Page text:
Please use this identifier to cite or link to this item: http://hdl.handle.net/1893/7287

Appears in Collections:Biological and Environmental Sciences Journal Articles
Peer Review Status: Refereed
Title: Effects of Male age and Size on Mating Success in the Bumblebee Bombus terrestris
Authors: Amin, Md Ruhul
Bussiere, Luc
Goulson, Dave
Contact Email: dave.goulson@stir.ac.uk
Keywords: Sexual selection
aging
leg length
mate choice
colony-level strategies
Bombus
apoidea
Issue Date: Jul-2012
Publisher: Springer
Citation: Amin MR, Bussiere L & Goulson D (2012) Effects of Male age and Size on Mating Success in the Bumblebee Bombus terrestris, Journal of Insect Behavior, 25 (4), pp. 362-374.
Abstract: In social insects, the reproductive strategies adopted by colonies emerge as a complex property of individual behaviours, but as yet we are often unable to fully explain them in evolutionary terms. In bumblebees, colonies adopt either a short-lived strategy specializing in male production, or a longer-lived strategy in which mainly new queens are produced, but this results in males emerging long before mates are available; this strategy can only easily be explained if older males are at a significant reproductive advantage. Here we examine how age and morphological characters influence mating success of male bumblebees. In two separate experiments in which single virgin males and females were confined together, we found that young males and heavy males mated more swiftly and copulated for less time compared to old males or lighter males, respectively. However, in competitive situations age proved to be unimportant and the only factors to influence mating success were the lengths of the fore and hind tibiae, with strong directional selection for long leg length. Fore and hind legs are both used in courtship, so both traits are associated with plausible mechanisms under selection. It has previously been argued that, in times of food stress, bumblebee colonies should produce males as male size is less likely to be strongly correlated with fitness than female size. Our results suggest that this may not be so, since aspects of male size directly impact on their mating success. Our results leave unexplained the emergence of males many days before new queens.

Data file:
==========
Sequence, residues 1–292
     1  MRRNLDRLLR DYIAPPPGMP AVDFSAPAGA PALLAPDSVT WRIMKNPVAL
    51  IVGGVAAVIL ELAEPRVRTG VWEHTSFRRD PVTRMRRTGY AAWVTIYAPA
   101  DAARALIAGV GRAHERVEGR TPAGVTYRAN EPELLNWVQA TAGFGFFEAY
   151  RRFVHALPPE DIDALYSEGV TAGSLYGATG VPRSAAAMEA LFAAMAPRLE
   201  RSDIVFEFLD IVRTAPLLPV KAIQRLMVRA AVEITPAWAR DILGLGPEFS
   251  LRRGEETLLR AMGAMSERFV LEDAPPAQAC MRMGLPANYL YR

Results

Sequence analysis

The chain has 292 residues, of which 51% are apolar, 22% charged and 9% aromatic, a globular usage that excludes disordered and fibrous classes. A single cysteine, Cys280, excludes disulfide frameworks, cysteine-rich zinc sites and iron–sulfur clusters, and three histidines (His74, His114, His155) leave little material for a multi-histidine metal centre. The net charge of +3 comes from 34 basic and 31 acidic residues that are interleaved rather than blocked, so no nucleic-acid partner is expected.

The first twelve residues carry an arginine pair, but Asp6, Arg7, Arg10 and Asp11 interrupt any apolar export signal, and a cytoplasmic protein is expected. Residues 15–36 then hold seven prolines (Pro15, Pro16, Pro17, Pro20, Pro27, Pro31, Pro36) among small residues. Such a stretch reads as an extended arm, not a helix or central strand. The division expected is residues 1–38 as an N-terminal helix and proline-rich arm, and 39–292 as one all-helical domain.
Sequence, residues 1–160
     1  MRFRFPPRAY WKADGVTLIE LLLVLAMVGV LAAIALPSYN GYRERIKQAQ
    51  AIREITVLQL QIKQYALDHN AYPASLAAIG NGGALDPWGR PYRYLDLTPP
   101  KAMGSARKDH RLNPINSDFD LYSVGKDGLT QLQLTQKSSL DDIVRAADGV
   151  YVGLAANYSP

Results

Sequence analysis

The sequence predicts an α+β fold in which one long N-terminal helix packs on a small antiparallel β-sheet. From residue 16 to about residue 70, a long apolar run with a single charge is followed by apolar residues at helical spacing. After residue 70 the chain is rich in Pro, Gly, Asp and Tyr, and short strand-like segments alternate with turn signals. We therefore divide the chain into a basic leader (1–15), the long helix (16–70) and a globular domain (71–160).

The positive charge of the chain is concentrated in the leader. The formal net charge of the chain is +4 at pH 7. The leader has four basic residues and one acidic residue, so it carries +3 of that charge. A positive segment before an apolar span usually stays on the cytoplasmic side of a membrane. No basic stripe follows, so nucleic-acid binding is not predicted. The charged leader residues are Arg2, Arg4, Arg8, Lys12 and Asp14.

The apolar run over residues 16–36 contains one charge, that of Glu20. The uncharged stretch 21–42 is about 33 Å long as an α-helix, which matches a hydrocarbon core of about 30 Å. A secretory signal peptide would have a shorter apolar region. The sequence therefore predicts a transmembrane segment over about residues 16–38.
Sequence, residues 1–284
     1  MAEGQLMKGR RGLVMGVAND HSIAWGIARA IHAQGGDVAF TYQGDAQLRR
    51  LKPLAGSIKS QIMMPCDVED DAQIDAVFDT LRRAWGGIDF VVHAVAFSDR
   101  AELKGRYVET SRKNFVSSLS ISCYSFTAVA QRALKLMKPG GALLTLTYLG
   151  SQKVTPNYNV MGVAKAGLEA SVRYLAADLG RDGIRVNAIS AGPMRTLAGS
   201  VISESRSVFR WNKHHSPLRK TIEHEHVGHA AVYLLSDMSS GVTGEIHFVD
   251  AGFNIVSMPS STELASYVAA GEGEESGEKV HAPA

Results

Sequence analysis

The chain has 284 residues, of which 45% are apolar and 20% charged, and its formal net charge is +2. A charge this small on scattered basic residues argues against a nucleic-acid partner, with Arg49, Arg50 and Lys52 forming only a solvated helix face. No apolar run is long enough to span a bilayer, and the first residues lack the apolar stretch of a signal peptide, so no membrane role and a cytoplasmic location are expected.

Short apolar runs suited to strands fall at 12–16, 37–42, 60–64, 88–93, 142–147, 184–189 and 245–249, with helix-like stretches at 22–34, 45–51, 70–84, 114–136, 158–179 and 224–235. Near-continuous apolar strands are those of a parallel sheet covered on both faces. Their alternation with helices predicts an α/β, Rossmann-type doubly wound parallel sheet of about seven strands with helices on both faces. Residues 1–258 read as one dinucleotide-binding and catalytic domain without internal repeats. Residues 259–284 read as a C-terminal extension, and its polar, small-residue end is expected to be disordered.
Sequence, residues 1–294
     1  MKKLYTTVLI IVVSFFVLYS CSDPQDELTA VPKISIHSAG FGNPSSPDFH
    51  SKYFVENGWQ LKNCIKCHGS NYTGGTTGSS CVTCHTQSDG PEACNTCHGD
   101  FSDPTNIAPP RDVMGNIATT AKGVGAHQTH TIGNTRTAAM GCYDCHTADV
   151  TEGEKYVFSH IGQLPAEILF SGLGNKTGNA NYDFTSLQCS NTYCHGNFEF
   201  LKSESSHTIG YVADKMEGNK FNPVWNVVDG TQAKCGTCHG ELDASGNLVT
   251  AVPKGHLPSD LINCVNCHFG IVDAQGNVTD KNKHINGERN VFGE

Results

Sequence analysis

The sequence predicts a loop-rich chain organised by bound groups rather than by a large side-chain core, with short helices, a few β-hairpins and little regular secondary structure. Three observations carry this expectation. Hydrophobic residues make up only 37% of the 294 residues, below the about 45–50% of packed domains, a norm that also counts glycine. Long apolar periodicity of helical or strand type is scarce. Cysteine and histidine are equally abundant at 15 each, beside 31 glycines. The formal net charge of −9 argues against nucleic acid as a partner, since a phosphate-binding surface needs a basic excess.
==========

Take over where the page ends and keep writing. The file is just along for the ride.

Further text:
Type: Journal Article
URI: http://hdl.handle.net/1893/7287
DOI Link: http://dx.doi.org/10.1007/s10905-011-9306-4
Rights: The publisher does not allow this work to be made publicly available in this Repository. Please use the Request a Copy feature at the foot of the Repository record to request a copy directly from the author. You can only request a copy if you wish to use this work for your own research or private study.
Affiliation: University of Stirling
Biological and Environmental Sciences
Biological and Environmental Sciences

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